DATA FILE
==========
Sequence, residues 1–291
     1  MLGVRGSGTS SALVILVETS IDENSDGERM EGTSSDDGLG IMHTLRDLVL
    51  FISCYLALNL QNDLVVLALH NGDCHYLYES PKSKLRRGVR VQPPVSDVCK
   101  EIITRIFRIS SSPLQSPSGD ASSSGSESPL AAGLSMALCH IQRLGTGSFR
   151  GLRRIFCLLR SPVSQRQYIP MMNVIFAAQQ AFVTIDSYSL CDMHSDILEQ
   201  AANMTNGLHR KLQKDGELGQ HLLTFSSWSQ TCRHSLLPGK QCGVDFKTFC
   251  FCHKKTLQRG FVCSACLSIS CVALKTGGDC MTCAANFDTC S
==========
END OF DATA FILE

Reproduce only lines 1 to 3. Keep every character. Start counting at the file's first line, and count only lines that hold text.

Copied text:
Sequence, residues 1–291
     1  MLGVRGSGTS SALVILVETS IDENSDGERM EGTSSDDGLG IMHTLRDLVL
    51  FISCYLALNL QNDLVVLALH NGDCHYLYES PKSKLRRGVR VQPPVSDVCK